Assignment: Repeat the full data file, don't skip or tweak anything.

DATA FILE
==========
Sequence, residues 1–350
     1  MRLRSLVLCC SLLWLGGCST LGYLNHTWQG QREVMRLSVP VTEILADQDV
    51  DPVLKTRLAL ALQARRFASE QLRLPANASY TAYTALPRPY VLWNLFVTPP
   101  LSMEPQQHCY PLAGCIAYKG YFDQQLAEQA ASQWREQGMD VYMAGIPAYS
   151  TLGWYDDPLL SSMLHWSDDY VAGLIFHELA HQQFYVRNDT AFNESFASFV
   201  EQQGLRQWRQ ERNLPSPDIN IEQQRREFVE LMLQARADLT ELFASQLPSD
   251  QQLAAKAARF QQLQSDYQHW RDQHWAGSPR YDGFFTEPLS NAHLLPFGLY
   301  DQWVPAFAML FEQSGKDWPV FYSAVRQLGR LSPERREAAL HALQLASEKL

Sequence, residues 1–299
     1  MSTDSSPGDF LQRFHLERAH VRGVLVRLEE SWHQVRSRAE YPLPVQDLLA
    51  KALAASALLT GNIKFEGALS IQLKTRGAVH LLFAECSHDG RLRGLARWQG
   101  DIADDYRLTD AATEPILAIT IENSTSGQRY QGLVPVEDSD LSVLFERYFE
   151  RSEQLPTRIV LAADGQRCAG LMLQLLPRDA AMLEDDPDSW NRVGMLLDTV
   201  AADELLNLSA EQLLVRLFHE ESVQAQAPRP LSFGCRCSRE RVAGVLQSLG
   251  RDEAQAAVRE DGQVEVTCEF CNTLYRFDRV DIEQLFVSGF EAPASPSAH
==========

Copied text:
Sequence, residues 1–350
     1  MRLRSLVLCC SLLWLGGCST LGYLNHTWQG QREVMRLSVP VTEILADQDV
    51  DPVLKTRLAL ALQARRFASE QLRLPANASY TAYTALPRPY VLWNLFVTPP
   101  LSMEPQQHCY PLAGCIAYKG YFDQQLAEQA ASQWREQGMD VYMAGIPAYS
   151  TLGWYDDPLL SSMLHWSDDY VAGLIFHELA HQQFYVRNDT AFNESFASFV
   201  EQQGLRQWRQ ERNLPSPDIN IEQQRREFVE LMLQARADLT ELFASQLPSD
   251  QQLAAKAARF QQLQSDYQHW RDQHWAGSPR YDGFFTEPLS NAHLLPFGLY
   301  DQWVPAFAML FEQSGKDWPV FYSAVRQLGR LSPERREAAL HALQLASEKL

Sequence, residues 1–299
     1  MSTDSSPGDF LQRFHLERAH VRGVLVRLEE SWHQVRSRAE YPLPVQDLLA
    51  KALAASALLT GNIKFEGALS IQLKTRGAVH LLFAECSHDG RLRGLARWQG
   101  DIADDYRLTD AATEPILAIT IENSTSGQRY QGLVPVEDSD LSVLFERYFE
   151  RSEQLPTRIV LAADGQRCAG LMLQLLPRDA AMLEDDPDSW NRVGMLLDTV
   201  AADELLNLSA EQLLVRLFHE ESVQAQAPRP LSFGCRCSRE RVAGVLQSLG
   251  RDEAQAAVRE DGQVEVTCEF CNTLYRFDRV DIEQLFVSGF EAPASPSAH